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Sunday, April 21, 2019

European Elections caught in a counter-factual world

I have just published a counter-factual novel in which a fictional executive mayor of the Cardiff Capital Region (spoiler; there is no such post) is assassinated. It is available on Amazon here if you are interested. However, no credible fiction writer could have conjured up the present political situation.

Having voted to leave the European Union, in a referendum, which, it subsequently transpired, was marred by rule-breaking, illegal expenditure and over-inflated and undeliverable promises, we are still members nearly three years later, and on the verge of electing members of the European Parliament, who may sit for just a matter of weeks, or, more likely a couple of years.

It is bad enough giving up a job to contest an election, pouring thousands of pounds of your own money into the campaign, while placing an intolerable burden on whatever relationship you might be in, and suffering abuse, vilification and pity from voters and opponents alike, knowing that you still might not win.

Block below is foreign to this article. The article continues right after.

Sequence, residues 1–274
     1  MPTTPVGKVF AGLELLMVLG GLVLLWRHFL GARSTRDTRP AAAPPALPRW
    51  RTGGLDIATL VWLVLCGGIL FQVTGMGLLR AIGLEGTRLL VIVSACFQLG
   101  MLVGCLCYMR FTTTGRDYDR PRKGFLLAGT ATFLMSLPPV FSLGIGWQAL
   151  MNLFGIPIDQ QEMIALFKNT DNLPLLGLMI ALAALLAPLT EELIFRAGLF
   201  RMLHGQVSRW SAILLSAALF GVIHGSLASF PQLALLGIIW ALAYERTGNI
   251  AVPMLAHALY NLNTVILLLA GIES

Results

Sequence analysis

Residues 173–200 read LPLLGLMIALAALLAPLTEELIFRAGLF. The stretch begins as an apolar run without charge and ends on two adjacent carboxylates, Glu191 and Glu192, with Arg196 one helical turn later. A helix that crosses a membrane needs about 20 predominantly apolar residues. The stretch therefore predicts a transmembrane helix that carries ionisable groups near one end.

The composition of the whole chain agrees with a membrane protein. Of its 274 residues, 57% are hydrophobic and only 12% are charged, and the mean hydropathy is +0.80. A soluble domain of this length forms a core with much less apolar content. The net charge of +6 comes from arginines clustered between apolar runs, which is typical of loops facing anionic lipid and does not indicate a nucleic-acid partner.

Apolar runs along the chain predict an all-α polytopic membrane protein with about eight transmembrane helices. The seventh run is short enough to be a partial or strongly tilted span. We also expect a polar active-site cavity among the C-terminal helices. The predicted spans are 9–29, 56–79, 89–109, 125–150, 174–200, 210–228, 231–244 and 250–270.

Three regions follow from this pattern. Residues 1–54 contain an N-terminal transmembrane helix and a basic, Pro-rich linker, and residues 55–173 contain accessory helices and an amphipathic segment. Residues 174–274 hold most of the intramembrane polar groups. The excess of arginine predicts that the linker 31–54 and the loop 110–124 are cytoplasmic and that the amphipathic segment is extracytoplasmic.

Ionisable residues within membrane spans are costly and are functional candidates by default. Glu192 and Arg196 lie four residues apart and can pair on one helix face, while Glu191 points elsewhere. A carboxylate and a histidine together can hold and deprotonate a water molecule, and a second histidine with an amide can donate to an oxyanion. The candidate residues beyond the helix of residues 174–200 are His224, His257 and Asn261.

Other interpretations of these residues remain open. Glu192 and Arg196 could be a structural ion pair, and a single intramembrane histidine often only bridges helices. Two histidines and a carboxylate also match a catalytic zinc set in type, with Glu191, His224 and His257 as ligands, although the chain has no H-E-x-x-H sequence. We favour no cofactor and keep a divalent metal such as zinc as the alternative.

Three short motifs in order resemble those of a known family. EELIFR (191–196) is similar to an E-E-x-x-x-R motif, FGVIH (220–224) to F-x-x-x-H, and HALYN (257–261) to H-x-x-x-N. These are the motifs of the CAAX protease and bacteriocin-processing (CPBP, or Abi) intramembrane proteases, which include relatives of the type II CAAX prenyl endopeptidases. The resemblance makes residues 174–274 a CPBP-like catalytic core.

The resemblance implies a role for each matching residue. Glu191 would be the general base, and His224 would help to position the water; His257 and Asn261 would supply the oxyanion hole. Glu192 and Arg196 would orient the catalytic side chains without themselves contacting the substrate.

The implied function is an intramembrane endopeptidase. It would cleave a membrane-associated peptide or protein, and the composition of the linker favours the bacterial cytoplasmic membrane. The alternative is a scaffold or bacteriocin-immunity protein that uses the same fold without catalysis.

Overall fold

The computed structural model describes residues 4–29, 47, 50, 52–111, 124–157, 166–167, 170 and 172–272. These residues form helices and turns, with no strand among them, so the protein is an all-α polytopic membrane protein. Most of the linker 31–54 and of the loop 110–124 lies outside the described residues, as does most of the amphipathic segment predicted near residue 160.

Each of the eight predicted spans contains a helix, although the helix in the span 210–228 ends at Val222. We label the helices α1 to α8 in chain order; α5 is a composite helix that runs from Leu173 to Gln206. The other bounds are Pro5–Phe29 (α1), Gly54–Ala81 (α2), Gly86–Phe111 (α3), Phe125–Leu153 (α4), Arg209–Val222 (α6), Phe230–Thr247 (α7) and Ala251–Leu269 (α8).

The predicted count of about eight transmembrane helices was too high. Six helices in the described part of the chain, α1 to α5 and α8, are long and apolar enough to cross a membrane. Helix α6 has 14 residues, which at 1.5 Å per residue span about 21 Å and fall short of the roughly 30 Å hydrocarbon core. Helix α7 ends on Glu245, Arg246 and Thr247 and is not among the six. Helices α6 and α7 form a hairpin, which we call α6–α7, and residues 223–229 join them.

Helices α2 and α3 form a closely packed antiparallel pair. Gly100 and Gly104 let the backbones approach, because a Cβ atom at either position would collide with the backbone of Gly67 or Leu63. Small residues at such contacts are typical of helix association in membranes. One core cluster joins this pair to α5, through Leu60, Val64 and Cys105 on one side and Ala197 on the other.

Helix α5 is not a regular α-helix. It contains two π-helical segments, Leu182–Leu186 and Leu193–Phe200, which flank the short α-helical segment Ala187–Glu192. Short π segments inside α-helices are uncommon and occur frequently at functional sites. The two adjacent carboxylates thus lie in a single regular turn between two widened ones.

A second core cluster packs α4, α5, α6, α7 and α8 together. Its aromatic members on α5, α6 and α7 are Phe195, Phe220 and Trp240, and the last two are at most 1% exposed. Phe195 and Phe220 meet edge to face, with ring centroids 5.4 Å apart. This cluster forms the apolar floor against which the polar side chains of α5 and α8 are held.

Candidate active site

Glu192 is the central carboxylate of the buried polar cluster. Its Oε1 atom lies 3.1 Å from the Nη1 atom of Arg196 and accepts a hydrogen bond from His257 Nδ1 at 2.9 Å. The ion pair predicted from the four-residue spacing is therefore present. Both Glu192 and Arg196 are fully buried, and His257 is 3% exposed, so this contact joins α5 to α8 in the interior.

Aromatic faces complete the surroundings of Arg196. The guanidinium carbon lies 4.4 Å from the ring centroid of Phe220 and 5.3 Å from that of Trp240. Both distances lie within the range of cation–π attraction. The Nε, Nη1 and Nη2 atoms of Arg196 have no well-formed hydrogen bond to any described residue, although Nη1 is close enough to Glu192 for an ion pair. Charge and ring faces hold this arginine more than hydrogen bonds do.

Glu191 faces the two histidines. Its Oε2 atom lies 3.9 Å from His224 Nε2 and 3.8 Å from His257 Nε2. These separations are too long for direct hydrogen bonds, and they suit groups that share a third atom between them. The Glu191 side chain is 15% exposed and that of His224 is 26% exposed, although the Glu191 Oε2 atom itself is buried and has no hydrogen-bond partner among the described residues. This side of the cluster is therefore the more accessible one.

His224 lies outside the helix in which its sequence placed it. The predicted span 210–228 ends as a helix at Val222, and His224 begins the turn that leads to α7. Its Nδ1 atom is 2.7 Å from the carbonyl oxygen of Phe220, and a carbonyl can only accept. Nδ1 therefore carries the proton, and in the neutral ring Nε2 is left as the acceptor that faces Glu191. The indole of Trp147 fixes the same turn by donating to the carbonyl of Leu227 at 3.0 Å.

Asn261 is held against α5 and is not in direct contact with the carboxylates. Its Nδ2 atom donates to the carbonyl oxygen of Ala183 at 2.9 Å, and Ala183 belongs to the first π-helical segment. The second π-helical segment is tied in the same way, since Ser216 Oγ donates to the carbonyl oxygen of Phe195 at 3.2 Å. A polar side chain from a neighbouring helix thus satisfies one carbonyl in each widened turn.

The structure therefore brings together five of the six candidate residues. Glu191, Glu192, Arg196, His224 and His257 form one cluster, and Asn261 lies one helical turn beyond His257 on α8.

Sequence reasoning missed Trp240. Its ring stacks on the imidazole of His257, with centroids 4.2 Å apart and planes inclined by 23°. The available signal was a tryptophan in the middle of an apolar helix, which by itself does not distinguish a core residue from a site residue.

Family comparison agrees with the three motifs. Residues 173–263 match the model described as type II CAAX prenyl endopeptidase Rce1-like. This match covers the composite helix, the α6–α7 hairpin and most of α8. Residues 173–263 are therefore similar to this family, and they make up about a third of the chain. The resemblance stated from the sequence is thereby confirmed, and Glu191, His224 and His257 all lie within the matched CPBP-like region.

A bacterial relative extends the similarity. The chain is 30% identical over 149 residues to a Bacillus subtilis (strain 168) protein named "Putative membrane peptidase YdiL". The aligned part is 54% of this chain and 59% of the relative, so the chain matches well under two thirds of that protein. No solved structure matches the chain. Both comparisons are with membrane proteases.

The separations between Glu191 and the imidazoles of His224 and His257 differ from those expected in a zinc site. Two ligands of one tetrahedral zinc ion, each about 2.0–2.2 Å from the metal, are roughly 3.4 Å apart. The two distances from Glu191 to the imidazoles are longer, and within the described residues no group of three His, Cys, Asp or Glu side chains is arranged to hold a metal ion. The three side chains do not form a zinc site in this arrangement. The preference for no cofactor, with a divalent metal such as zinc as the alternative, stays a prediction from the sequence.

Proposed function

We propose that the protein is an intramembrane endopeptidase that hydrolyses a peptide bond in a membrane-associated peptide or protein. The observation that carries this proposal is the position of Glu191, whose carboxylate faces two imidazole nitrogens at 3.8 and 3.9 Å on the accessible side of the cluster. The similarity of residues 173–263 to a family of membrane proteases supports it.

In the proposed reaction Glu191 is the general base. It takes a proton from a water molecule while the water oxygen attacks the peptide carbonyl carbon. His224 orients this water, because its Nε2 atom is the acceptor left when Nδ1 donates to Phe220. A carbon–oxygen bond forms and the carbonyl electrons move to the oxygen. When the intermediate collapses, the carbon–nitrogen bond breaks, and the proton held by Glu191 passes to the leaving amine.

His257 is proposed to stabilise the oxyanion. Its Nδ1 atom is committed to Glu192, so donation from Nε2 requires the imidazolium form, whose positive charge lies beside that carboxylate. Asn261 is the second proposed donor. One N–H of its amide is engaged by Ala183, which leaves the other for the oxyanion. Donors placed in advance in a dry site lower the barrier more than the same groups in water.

However, once we throw in extreme job insecurity on top of what was always a fixed term appointment, it makes many of us wonder why anybody will do it in the first place. And then there is the dodgy support network available for candidates of all political hues

Political parties, even the big ones, are largely fuelled by the efforts of volunteers. The bigger the party, then the larger the team a candidate can rely on. In the smaller parties such as the Liberal Democrats, a campaign might consist of the candidate, a few friends and a dog.

But disengagement with the political process has become rife in the light of the Brexit fiasco, and only the demagogues can now really call on fanatical supporters to get out and campaign for them. Thank goodness most of those people don't really know what they are doing.

Thus, we face headlines such as this one in the Guardian, reporting that group of Conservative councillors is refusing to campaign for the party in European elections in a protest against the government’s failure to leave the European Union.

It may well be that other parties are suffering from a similar reaction albeit with a lower profile. As a result the poll, when it comes in just under five weeks time, may prove to even more lonely and uncertain for the candidates than they anticipated.

And for that they should be applauded, because without their willingness to be humiliated, to place their own futures on the line, our democracy would be much weaker, possibly terminal. And I can think of a few Brexiteers who would not mourn if that became the case.
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